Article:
Let $x_1,x_2,x_3,x_4,x_5,x_6$ be the roots of the polynomial equation



(A)$|x_i|=2$ for exactly one value of $i$

(B)$|x_i|=2$ for exactly two values of $i$

(C)$|x_i|=2$ for all values of $i$.

(D)$|x_i|=2$ for no value of $i$.

My attempt: I noticed that the polynomial forms a geometric

progression with common ratio $2/x$.

Then I summed the terms and found this relation $x^7=128$ which gives us

$x=2$ but $x=2$ doesn't satisfy the original polynomial.

I looked at the graph too and found that the polynomial has no real roots .

So now , how to find the modulus of the roots ?

  • 1
    $\begingroup$ You found $x^ 7 = 128$. Note that $x \neq 2$, of course. It turns out that, in fact, the above polynomial is a factor of $x^7 - 128$. Consequently, every root must have modulus equal to $2$, and we can write down all the roots explicitly using the seventh roots of unity. $\endgroup$ Aug 21 '18 at 12:21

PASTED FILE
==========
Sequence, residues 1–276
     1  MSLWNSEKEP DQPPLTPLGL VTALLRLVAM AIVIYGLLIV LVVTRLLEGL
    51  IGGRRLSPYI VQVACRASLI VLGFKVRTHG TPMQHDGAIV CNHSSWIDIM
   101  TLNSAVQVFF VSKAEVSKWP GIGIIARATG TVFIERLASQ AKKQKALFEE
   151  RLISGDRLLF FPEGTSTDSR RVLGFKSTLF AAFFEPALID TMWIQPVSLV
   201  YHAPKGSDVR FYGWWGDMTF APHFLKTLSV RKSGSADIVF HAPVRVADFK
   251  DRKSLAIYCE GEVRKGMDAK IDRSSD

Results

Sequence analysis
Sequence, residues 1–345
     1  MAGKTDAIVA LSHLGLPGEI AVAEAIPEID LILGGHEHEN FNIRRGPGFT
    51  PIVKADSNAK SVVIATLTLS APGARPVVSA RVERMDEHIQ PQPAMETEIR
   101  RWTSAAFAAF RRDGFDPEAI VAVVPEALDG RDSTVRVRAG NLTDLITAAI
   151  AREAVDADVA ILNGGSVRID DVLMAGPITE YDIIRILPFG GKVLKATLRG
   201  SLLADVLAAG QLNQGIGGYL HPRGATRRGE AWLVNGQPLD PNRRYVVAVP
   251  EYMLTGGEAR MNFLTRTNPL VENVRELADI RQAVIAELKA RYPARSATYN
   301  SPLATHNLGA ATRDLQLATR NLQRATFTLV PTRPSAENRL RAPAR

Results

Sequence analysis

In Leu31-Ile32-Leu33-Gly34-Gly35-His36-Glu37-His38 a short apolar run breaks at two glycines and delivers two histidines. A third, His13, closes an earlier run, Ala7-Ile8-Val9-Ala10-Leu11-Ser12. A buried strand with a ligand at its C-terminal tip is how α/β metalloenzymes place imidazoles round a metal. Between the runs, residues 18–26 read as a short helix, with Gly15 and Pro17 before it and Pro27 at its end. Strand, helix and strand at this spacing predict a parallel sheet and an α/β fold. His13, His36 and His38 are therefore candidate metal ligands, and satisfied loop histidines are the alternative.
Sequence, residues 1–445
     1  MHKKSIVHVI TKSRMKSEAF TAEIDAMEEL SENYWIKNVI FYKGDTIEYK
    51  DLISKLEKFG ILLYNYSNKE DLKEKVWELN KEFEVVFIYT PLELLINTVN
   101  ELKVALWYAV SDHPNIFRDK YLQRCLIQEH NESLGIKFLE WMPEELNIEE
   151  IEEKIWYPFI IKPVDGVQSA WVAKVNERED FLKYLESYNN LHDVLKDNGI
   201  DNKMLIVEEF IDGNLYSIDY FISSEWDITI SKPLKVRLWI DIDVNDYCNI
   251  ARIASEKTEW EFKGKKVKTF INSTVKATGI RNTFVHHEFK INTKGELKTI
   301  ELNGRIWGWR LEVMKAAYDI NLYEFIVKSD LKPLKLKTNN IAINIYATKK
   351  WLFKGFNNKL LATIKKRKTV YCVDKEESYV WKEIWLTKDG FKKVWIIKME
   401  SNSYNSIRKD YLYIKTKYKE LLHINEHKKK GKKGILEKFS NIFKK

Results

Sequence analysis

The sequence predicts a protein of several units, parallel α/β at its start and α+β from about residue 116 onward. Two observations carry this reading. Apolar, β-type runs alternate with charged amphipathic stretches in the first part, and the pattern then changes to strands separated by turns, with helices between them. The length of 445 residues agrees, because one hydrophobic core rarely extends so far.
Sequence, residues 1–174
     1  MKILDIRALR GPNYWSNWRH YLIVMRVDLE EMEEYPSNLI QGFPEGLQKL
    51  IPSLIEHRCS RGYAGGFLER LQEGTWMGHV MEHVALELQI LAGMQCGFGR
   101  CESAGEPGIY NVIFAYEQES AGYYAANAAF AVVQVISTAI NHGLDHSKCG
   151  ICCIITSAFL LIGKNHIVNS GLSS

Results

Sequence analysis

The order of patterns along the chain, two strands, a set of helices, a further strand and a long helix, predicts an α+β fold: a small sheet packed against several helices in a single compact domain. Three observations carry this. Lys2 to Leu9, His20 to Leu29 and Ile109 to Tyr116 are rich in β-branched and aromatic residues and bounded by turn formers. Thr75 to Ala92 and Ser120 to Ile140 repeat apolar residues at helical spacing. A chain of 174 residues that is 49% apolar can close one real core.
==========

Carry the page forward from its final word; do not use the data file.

$$f(x)=\sum_{r=0}^6(x^r2^{6-r})=2^6\dfrac{\left(\dfrac x2\right)^7-1}{\dfrac x2-1}=\dfrac{x^7-128}{x-2}$$

Clearly, $f(2)\ne0$

$\implies x^7=128$ with $x\ne2$

$\iff\left(\dfrac x2\right)^7=1$

Now take modulus in both sides using $|z^m|=|z|^m$


As $x=2$ is not a root, the equation is


From this we draw

$$|x^7|=|x|^7=128$$ and the only real solution $$|x|=2.$$


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